Photo Archive: China

People’s Republic of China: Fires in the Mountain-Boreal Forests of Heilongjiang Province

© It is not permitted to export, utilize and publish any photographs without the written permission of the GFMC and the Academy ofForestry, Beijing.


1. The 2002 Fire Season in China. A Report from the Academy for Forestry, Beijing (PDF file)

2. Photographs from the GFMC Archive

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Fig.1. Satellite (LANDSAT) image of the land area affected by wildfires in the North of PR China, Heilongjiang Province, May-June 1987.   The total area affected by fire was 1.14 million ha forest and 0.87 million ha other land. Source: Ministry of Forestry, PR China, Beijing.

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Fig.2. Fire effects map of the same area, derived from satellite, aerial and ground observations. Source: Ministry of Forestry, PR China, Beijing.

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Fig.3.  Night-time views of the “Great Black Dargon Fire” of May 1987. Source: GFMC archive.

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Fig.4. Fire-damaged forest in Heilongjiang Province: The fire effects were extremely destructive in many places because large-sized plantations (young age classes) on former clear cuts carried the fire quickly over long distances. There were little to none mature and fire-tolerant trees left after clearcut, thus the survival rate and regeneration potential were extremely low in these sites. Photo: GFMC

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Fig.5.  The forest landscape of the mountain-boreal forest of the Daxinganling mountains, Heilongjiang Province, is characterized by a fire mosaic of different post-fire regeneration/succession stages and a mix of pioneer species (softwoods like birch and aspen) and conifers (larch, pine).
Photo: GFMC.

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Fig.6. Recurrent low- to medium intensity surface fires inside of larch (Larix gmelinii) and pine (Pinus sylvestris var. mongolica) stands often kill the fire-susceptible hardwoods which resprout after fire. The mature and fire-resistant pines easily survive surface fires. Photo: GFMC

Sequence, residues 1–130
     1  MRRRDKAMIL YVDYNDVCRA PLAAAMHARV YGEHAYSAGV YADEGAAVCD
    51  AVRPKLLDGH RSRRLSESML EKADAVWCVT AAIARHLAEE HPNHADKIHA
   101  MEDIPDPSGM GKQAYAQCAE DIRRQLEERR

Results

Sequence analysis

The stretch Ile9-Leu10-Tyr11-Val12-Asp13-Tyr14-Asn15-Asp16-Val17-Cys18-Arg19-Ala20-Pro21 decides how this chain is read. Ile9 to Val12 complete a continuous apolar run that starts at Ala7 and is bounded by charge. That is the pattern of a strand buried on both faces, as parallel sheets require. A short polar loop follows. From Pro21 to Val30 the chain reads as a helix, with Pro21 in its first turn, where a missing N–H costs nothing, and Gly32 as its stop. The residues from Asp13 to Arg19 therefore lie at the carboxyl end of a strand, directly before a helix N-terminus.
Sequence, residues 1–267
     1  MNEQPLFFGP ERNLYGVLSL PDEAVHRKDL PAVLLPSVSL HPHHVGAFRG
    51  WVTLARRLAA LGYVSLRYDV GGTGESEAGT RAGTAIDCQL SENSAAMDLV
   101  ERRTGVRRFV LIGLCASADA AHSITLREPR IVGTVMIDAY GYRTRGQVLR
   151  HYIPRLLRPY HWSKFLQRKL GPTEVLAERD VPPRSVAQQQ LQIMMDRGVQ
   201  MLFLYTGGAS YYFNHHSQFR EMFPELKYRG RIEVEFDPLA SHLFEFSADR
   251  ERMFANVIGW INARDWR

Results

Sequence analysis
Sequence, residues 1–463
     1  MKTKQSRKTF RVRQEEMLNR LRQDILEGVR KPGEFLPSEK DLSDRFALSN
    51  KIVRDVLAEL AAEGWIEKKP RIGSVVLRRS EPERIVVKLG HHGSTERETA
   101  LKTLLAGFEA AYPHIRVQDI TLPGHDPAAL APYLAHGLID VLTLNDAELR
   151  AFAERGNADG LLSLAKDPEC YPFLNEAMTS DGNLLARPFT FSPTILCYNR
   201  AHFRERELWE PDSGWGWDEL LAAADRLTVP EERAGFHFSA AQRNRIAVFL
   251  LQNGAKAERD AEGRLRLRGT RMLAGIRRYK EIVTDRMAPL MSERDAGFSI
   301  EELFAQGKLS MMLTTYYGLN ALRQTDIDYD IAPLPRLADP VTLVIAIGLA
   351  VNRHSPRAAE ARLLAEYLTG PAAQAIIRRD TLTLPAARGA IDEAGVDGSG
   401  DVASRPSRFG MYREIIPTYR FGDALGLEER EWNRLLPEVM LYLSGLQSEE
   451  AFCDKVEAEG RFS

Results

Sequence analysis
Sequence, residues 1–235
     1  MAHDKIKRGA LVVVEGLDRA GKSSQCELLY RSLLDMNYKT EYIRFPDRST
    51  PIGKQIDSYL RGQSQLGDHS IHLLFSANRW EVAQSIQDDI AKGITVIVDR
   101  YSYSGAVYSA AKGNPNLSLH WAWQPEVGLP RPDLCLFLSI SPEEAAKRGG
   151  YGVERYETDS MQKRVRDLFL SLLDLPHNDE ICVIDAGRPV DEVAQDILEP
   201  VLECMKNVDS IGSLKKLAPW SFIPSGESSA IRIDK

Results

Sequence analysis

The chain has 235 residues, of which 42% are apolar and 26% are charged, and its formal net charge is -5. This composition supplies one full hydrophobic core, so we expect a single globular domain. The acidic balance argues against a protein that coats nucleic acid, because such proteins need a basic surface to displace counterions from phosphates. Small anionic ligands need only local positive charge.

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Fig.7.  Close view into a pine forest recently burned by a medium-intensity surface fire. Some pine trees have also been consumed by fire.
Photo: GFMC.

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Fig.8.  Close view of mature conifers (larch, pine) which often show “fire scars”. These scars allow dating of historic fires (see next figure).
Photo: GFMC.

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Fig.9.  Cross section of a larch tree (upper) with two well-recognizable fire scars (cut for laboratory analysis). The lower photo shows a tree stump measured in the field, showing also several fire scars which allow dating of historic fire events. Photo: GFMC, with support by Xueying Di and Tobias Zorn.

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Fig.10.  Fire-susceptible tree species such as spruce (Picea jezoensis, P.abies var. obovata, P. koraiensis) are not common in places regularly affected by natural and human-caused wildfires. They survive only in non-flammable refugia, e.g. on rocky terrain. Photo: GFMC.

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Fig.11. Rare plant species are also found on fire-excluded sites. Photo: GFMC.

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Fig.12. Local Fire Control Center in Heilongjiang Province (photo taken by GFMC in 1988).

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Fig.13. Firefighters checking field equipment and get ready for suppression action in Daxinganling. Photo: GFMC.

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Fig.14. Air blower for suppressing low-intensity surface fires in light and aerial fuels. This equipment is based on a chainsaw motor and has been proven successful in operations where water is lacking. Photo: GFMC.

For more information on fires in the People’s Republic of China: Please visit the China Country File of IFFN. The following publications deal with the large fires of 1987 and some ecological aspects of fire in the montane-boreal forests in the North of the country:

Literature on forest fire in China:

Salisbury, H. 1989. The Great Black Dragon Fire. A Chinese inferno. Little, Brown and Company. Boston, 180 p.

Ende, J., and Xueying Di. 1990. The forest conflagration of May 1987 in Northeastern China. In: Fire in ecosystem dynamics. Mediterranean and northern perspectives (J.G. Goldammer and M.J. Jenkins, eds.), 169-174. SPB Academic Publ., The Hague.

Goldammer, J.G., and Xueying Di. 1990. The role of fire in the montane-boreal coniferous forest of Daxinganling, Northeast China: A preliminary model. In: Fire in ecosystem dynamics. Mediterranean and northern perspectives (J.G. Goldammer and M.J.Jenkins, eds.), 175-184. SPB Academic Publishing, The Hague, 199 p.


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